The second wrinkle comes with the arrival of another oddball character, the anonymous sleuth “L,” who first appears as nothing more than a voice on a laptop.  Faced with a worldwide pandemic of accused murderers dropping dead from heart attacks after juries acquit them, the baffled police turn to the techno-detective, who cleverly narrows down the list of suspects from the entire population of the world to a small pool of Japanese students using pure deduction.  But the story doesn’t really take off until the halfway point, when Light turns his attentions from criminals to those tracking him down and new rules are introduced for the Death Note allowing him to write out elaborate scenarios to cause his victim’s demise, rather than unceremoniously dropping dead of a heart attack as they had previously.  Light needs his victim’s name in order to off him, and the anonymous L, driven by his own amoral sense of sport, seeks to discover Light’s identity as well.  The cat-and-mouse games between the two masterminds turn complicated, clever and thrilling, with L playing the part of a high-tech Sherlock while Light becomes a mystical Moriarty.  The story is spread over two feature films; this picture wraps up one story arc, but ends with Light and L at a stalemate to be broken in Death Note: The Last Name (2006).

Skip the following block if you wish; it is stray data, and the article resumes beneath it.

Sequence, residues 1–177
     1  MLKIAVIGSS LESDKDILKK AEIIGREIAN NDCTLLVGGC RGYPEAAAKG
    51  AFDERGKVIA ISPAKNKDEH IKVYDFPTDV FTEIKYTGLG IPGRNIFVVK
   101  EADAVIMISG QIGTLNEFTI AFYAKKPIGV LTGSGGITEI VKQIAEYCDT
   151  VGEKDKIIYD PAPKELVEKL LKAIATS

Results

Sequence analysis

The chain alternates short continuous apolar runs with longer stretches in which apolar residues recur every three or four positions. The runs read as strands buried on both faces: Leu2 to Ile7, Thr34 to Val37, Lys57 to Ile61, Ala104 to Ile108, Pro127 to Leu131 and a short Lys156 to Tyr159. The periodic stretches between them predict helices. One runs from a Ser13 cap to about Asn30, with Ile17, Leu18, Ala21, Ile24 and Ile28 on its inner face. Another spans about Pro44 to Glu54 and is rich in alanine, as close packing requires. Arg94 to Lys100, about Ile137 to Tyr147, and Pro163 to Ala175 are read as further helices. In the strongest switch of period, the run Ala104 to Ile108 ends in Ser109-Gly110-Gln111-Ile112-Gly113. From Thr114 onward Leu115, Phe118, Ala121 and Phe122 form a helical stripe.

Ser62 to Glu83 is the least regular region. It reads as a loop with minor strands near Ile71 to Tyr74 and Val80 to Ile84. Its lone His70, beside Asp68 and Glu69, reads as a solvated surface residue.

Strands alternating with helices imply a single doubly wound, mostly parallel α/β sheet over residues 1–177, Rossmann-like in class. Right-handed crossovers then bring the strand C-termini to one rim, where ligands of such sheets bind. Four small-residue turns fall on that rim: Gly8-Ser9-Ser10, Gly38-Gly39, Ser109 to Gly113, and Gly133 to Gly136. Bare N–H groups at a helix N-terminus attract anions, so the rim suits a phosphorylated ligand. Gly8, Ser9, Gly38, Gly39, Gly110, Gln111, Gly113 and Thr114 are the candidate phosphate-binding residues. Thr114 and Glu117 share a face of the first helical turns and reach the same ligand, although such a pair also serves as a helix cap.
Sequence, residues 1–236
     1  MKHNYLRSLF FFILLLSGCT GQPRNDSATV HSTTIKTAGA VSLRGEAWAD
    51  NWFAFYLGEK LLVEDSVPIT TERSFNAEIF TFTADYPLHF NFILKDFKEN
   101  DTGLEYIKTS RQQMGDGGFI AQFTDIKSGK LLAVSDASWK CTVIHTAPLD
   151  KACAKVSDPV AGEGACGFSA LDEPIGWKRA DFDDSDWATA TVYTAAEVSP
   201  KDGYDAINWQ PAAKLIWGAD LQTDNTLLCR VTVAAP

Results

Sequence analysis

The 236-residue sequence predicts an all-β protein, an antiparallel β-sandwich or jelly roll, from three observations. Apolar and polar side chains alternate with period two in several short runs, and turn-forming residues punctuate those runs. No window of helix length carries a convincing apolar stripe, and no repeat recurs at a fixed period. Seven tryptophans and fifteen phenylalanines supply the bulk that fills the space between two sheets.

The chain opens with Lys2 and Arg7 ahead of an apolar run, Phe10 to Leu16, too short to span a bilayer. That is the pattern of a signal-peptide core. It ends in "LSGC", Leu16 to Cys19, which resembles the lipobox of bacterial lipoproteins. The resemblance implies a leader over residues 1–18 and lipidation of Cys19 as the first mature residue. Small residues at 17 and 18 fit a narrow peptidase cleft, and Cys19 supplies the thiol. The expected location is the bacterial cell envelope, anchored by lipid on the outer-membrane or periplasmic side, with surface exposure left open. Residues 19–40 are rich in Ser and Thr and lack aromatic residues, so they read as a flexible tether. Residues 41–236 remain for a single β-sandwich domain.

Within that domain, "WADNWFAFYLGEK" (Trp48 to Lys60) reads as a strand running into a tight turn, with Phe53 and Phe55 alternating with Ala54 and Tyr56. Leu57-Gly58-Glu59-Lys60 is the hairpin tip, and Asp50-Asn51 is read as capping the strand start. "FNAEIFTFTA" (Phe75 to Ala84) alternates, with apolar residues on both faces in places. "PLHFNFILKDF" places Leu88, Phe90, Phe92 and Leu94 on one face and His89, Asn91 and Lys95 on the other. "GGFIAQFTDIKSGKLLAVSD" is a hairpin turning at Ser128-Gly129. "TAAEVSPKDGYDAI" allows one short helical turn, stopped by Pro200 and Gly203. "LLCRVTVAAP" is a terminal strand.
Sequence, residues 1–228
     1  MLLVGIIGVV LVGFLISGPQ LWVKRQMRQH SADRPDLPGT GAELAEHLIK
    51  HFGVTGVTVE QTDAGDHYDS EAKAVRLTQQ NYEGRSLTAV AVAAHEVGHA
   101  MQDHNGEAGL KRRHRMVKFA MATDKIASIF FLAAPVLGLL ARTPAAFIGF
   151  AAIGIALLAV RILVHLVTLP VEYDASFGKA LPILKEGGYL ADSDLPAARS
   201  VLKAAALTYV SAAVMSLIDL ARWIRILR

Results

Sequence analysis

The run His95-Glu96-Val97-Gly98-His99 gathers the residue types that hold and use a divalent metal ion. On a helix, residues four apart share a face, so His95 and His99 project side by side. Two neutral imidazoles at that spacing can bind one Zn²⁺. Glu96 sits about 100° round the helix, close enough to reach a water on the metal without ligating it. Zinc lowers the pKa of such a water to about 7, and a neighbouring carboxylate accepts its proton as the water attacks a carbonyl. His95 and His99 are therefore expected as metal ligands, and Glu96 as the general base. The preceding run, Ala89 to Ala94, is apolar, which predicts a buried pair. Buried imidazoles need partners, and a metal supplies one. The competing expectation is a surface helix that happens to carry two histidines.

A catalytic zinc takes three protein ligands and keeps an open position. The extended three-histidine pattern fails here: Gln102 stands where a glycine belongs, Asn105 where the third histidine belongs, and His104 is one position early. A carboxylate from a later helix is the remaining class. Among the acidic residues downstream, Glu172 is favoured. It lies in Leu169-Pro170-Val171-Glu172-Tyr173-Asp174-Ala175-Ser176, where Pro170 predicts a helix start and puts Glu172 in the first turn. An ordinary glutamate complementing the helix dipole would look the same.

Death Note has become a small franchise: based on a popular magna, it had previously been adapted as an anime series, it has spawned not only the of-a-piece sequel but a spin-off movie featuring L.  It’s also destined for a horribly uninteresting Hollywood remake.


Light’s goaded into his kill spree by the God of Death; a lolloping CGI ghoul in rock star clothes, who appears out of nowhere and offers advice while munching on apples. Weird, huh?”–Jamie Russell, BBC (contemporaneous)